Cohomological decoding

As there are other spaces with similar barcodes as for a torus, the results identified by the barcode were further investigated, using the ‘cohomological decoding’ procedure introduced previously59 to calculate a toroidal parametrization of the point clouds of population activity. This assigns to each point corresponding positions on each of the two circular features identified by the 1D bars with the longest lifetime, resulting in coordinates that further characterize the underlying shape of the data.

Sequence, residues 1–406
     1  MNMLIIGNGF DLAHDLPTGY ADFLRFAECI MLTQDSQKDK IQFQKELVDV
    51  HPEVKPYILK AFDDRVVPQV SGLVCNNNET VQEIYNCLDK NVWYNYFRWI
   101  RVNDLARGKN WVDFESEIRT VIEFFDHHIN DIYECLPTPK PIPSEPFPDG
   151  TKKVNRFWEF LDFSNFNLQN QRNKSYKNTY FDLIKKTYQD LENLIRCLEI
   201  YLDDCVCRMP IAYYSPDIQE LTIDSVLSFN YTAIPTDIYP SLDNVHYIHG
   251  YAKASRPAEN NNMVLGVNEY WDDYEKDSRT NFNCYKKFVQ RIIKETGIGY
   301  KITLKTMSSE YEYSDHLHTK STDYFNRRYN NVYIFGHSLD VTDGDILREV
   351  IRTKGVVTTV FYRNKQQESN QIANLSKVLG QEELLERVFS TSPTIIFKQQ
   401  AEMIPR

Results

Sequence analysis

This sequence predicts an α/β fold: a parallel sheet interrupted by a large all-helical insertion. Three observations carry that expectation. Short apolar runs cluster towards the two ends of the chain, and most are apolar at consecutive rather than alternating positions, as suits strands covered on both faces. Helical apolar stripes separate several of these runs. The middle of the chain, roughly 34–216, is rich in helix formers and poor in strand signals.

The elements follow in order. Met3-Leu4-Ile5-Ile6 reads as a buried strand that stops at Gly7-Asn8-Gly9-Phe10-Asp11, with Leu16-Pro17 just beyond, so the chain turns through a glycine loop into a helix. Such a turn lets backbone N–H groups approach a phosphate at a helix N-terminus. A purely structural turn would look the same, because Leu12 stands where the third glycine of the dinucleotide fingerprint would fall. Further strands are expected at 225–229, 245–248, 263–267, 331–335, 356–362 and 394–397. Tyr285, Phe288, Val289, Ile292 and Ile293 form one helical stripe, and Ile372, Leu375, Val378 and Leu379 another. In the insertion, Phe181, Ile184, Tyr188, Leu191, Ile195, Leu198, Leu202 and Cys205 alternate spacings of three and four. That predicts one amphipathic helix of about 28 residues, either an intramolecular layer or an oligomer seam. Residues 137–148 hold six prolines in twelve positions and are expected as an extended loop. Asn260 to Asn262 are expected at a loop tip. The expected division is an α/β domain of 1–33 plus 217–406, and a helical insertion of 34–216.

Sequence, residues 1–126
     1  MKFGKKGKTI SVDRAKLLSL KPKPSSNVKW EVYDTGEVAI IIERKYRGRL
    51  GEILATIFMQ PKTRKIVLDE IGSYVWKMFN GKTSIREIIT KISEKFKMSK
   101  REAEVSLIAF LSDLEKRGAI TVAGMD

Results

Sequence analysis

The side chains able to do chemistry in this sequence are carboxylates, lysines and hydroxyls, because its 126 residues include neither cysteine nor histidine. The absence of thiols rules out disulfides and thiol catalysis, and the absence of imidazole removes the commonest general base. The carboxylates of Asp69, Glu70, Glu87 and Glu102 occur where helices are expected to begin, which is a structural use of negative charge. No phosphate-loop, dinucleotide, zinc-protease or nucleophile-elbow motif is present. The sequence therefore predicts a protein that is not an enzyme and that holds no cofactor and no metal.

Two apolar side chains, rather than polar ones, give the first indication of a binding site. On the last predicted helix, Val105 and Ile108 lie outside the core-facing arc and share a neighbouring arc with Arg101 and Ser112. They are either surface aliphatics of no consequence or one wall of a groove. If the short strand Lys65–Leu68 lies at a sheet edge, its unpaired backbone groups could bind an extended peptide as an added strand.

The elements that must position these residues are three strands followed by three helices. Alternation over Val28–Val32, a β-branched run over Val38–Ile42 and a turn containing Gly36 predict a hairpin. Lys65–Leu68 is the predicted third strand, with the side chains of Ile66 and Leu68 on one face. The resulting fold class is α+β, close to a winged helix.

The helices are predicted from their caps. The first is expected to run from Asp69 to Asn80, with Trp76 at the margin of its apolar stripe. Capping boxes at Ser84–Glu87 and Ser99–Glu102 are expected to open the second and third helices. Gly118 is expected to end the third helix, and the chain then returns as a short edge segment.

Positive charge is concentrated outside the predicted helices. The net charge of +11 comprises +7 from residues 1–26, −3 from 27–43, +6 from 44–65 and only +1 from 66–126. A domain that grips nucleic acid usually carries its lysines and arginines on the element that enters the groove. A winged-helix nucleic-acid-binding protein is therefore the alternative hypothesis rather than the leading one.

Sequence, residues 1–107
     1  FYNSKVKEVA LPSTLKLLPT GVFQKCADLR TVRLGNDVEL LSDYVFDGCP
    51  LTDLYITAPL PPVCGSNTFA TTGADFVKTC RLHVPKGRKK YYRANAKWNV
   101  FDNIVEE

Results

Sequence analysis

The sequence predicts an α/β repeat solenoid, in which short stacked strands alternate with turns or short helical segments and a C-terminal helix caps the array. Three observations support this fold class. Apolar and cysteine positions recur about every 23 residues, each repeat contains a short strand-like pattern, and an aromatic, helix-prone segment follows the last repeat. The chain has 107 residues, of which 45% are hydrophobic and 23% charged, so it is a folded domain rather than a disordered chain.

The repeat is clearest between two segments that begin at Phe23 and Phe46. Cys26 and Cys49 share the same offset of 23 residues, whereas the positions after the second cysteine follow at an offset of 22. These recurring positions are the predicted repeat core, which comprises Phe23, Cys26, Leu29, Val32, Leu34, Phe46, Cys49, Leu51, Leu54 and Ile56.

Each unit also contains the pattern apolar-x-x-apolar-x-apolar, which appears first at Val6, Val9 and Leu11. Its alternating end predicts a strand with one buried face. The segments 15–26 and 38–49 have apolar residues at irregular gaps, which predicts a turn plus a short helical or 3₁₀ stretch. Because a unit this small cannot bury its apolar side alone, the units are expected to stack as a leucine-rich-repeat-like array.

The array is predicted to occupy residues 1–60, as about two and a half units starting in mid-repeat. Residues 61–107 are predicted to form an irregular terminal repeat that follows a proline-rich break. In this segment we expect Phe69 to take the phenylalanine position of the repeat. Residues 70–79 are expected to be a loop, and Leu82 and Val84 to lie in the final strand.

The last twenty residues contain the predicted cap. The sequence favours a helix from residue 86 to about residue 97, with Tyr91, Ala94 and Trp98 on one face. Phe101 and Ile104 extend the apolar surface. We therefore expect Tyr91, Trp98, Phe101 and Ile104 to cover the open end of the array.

Cohomological decoding is motivated by the observation that the 1D cohomology (with integer coefficients) of a topological space X is equivalent to the set of homotopy-equivalent classes of continuous maps from X to the circle (S1)60; that is:

$${H}^{1}(X;{\mathbb{Z}})\cong [X,{S}^{1}].$$

This subsequently means that for each 1D bar existing at a given radius, there exists a corresponding continuous map from the Vietoris-Rips complex of that radius to the circle. Thus, we may first use persistent cohomology to detect which elements represent meaningful (long-lived) features of the data and choose a radius for which these features exist. As the vertices of the Vietoris-Rips complex are points in the point cloud, the circular values of the corresponding maps at the vertices describe circular coordinates of the data.